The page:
I had made some audio recordings in the parks and taken some photos as a kid, but when my favorite things started to seriously disappear I went a little crazy trying to build an audio, photo and video archive of things that hadn't been lost yet. Being a cast member helped. It led to a stupid Xeroxed newsletter called Jane Our Teenage Daughter, to lists a list of things that had gone missing from WDW and lots of generous input from total strangers in the form of photographs, videos, and tapes of ex-attractions. Massive help came from specific individuals who shared the same obsession. "Miami Mike" Hiscano has been contributing to this project since its inception and is one of the most knowledgeable and generous WDW fans you could hope to find. Ross Plesset has gone out of his way countless times to arrange interviews and drive down bits of information that would have been lost were it not for his diligence. Others who provided useful and rare information during that time period included Robert Boyd, Mike Cozart, Dave Hooper, Christopher Merritt, Dave Smith and Gerald Walker.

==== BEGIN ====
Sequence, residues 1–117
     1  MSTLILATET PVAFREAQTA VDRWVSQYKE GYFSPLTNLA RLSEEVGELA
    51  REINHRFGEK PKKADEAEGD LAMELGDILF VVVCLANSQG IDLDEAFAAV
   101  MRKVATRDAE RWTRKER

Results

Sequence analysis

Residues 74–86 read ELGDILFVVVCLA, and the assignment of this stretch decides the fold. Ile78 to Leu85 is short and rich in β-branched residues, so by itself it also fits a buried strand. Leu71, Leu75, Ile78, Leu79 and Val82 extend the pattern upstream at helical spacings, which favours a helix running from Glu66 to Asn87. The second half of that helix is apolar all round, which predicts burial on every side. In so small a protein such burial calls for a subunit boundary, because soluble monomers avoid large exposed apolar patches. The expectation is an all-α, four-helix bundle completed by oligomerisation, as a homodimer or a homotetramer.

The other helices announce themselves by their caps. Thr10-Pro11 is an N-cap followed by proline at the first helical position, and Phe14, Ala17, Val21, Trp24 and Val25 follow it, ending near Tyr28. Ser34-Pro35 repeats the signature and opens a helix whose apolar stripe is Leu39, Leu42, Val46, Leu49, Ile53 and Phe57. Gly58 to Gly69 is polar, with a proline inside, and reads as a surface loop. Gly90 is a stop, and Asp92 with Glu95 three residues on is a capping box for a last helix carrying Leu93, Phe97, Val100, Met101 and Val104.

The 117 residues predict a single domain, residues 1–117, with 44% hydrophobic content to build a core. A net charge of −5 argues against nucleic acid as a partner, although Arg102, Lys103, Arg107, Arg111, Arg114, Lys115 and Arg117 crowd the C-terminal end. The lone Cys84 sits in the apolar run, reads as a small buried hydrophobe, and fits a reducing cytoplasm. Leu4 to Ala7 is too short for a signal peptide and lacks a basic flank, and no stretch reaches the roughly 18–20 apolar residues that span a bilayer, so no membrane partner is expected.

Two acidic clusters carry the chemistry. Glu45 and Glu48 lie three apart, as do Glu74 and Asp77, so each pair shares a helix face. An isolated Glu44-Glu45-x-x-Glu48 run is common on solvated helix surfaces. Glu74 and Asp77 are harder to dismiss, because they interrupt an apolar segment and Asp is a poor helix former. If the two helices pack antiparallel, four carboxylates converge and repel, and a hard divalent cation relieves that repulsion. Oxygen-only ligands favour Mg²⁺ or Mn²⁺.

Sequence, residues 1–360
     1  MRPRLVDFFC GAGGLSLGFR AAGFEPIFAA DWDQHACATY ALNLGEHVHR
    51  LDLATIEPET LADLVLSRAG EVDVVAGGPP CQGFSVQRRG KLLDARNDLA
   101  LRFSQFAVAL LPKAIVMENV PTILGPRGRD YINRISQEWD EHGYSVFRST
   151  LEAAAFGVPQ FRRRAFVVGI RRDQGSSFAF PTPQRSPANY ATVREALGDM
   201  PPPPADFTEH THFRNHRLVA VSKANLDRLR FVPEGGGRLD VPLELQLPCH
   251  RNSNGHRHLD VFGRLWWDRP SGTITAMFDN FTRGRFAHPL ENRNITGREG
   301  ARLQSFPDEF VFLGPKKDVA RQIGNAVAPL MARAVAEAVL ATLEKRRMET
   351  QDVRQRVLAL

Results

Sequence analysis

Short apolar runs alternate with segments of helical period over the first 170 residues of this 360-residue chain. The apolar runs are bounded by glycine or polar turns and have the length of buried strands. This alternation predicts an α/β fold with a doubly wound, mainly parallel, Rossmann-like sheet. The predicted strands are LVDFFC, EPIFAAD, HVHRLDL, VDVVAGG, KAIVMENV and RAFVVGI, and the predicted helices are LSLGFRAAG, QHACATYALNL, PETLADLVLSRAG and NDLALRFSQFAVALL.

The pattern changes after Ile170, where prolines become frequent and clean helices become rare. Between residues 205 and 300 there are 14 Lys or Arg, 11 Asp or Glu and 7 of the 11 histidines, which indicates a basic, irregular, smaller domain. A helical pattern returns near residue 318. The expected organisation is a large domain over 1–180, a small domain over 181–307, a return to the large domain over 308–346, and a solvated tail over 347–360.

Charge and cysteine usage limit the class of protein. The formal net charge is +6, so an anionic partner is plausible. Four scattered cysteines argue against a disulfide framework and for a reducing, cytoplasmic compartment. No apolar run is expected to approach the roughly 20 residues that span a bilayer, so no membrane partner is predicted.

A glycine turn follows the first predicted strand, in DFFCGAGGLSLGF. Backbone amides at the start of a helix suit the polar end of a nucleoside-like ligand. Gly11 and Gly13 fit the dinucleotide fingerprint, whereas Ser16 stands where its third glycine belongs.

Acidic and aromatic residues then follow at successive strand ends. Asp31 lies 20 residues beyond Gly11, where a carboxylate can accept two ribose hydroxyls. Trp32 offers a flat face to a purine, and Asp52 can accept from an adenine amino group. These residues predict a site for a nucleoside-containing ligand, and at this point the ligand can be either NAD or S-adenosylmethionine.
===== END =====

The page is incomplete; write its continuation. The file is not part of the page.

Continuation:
One thing I learned during that time period, when I was REALLY spending time on this stuff, was that people in California who grew up with Disneyland were paying tribute to it in far more impressive ways than I could ever hope to ape for WDW, most notably Randy Bright's Disneyland: Inside Story and Jack and Leon Janzen's wonderful magazine, The "E" Ticket. Bright's book was cool because, while written by a Disney employee, it didn't feel like a company document. Bright was a WED Enterprises "imagineer" who worked at the park as a teenager and whose affinity for Disneyland was fully apparent in his text. He also compiled a fascinating appendix, entitled "Sequence of Disneyland Attractions," that traced all the major additions to the park since it opened. This was before the internet existed, so timelines like that were rare. As for the Janzen brothers, their massive efforts to document the first 30 years of Disneyland were at that time unsurpassed in the world of theme park fandom. Like Bright, they grew up with the place and were still infected as adults. They initiated a quest to produce a visual and written history of Disneyland's earliest years which brought forth tons of previously unseen images and stories from WED personnel who made it happen. The stuff was SO good, but it didn't look like they were going to get around to covering Disney's Florida parks (and, as it turned out, they never did). So with the crucial help of my wife Amy, who also grew up with WDW and knew what secret Disney files lurked in the Florida State Archives, in 1994 I had another crummy newsletter called Widen Your World coming off my tiny Xerox machine. WYW became a website in 1996 and garnered more attention than was rational, but that at least proved to me how badly these old attractions were really missed. People still respond to the site with a kind of appreciation that would never have seemed possible to me as a twelve-year-old standing in the Big Thunder exit hall with a tape recorder over my shoulder to capture the sounds of the queue music and trains dispatching, feeling like the only person in the world who would ever want to listen to it. And every time someone has written to say that WYW jogged half-lost memories of treasured family vacations and/or brought tears to their eyes, I'm just amazed.